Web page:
Dynamic Vs. Static Stretching

Time. We’re all short on it. It seems like we always need more time. We’re constantly in a hurry running from one place to the next, and trying to fit in exercise with already jam packed schedules can be quite the feat.  It may seem mundane to add in stretching to our oh-so-precious workout time. Is it really necessary?

Yes it is. Don’t skip it. Your body needs it. And is it better to stretch before or after the workout?

Actually, both. But in different ways.

Static stretching is when you hold a stretch for a length of time.  Dynamic stretches are active movements of muscle that bring forth a stretch but are not held in the end position. Static stretching is not really recommended before exercise, because it has been shown to reduce performance, especially in explosive and quick movements. Dynamic stretching is a better way to warm up your mobility without hindering your performance. Stretches with movement like leg swings, arm circles, jumping jacks, butt kicks, etc. are good dynamic stretches. These types of movement stimulate your nervous system and muscles to be better prepared for the upcoming activity. Dynamic stretches involve moving your muscles and joints repetitively within your range of motion.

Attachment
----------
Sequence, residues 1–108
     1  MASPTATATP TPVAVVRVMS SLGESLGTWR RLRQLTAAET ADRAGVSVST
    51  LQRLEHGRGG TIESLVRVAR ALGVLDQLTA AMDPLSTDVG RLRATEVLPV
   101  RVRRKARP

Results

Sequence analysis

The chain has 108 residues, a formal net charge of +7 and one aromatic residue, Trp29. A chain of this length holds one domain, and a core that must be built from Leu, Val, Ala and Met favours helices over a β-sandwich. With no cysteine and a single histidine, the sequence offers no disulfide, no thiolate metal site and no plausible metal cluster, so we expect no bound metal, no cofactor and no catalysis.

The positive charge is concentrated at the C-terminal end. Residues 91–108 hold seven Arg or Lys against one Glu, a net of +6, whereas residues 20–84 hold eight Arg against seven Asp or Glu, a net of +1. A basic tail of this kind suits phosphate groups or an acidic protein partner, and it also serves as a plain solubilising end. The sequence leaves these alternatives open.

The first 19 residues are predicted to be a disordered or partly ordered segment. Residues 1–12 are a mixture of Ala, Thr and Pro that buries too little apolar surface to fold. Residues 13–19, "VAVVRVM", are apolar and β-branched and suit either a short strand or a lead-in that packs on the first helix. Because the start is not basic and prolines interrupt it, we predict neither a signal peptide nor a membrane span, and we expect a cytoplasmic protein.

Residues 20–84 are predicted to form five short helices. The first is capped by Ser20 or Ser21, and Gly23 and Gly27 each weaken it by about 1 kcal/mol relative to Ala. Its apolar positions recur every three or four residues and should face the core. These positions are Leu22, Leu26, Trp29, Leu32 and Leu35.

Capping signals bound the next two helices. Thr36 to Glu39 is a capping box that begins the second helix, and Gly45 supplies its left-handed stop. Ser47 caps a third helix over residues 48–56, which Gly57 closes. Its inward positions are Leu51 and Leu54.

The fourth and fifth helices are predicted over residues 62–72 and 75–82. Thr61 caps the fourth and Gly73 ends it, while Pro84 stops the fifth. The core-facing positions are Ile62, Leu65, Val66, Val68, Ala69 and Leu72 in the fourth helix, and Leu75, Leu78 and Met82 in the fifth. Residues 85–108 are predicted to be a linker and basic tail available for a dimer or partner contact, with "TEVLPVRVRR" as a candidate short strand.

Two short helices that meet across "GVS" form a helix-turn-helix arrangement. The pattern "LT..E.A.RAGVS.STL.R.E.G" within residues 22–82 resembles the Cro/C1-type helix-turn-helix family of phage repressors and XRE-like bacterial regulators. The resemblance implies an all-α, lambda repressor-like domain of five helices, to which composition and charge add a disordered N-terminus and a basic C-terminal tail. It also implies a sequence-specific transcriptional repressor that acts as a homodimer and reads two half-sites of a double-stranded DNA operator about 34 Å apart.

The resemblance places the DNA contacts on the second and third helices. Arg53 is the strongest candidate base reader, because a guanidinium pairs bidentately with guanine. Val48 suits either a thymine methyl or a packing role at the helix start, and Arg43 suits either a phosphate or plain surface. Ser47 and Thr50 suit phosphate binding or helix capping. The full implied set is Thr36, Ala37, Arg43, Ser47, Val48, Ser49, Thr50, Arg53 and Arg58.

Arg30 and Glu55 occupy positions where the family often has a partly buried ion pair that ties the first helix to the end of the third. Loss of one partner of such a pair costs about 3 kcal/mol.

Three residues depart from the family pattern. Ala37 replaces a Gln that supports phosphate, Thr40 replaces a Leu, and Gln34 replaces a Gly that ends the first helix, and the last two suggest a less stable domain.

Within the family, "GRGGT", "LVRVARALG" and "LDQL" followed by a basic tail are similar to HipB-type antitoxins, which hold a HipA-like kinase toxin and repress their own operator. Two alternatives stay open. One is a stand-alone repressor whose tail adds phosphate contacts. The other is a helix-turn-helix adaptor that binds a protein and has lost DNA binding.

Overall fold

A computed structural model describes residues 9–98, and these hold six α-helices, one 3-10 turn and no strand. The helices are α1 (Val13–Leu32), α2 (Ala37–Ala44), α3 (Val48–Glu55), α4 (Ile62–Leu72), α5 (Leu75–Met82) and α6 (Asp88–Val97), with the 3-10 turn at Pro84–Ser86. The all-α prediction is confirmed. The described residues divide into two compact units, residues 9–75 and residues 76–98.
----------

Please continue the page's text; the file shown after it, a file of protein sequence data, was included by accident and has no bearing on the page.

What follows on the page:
Static stretching still has its place as an important way to improve your flexibility and help with muscle recovery. Save your longer static stretches for the end of your session as it helps decrease neural stimulation to the muscles and enhances relaxation. When your muscles are nice and warm, go ahead and hold longer static stretches.  Make sure to breathe slowly through the movements so you deliver adequate oxygen to the muscles and enjoy your cool down period. Take time for this, your body will thank you.

How much time do you spend stretching? How do you fit in stretching when it is hard enough to find time to exercise?

Have a great week!

worth it

Featured Recipe

Cheesy Smoky Butternut Squash Pasta

1 ½ Cup chopped butternut squash, raw
1 pkg dry pasta
1 ½ Cup raw broccoli florets
¾ Cup unsweetened almond milk
½ Cup raw cashews, soaked and drained
½ Cup nutritional yeast
2 T lemon juice and zest of the lemon
1 T tamari
½ tsp ground chipotle powder

Preheat oven to 375. On a baking pan, roast the squash until dark brown and bubbling (about 20 minutes). Fill a large pot with water and bring to a boil.  Add pasta, and cook.
Before draining, add the broccoli florets and allow to wilt (2-4 minutes). Drain pasta and broccoli and return to the pot. Puree the squash, almond milk, cashews, nutritional yeast, lemon juice & zest, tamari and chipotle powder in a blender until smooth. Pour the squash sauce over the pasta and broccoli and stir to combine.


Recipe taken from The Vegiterranean Diet

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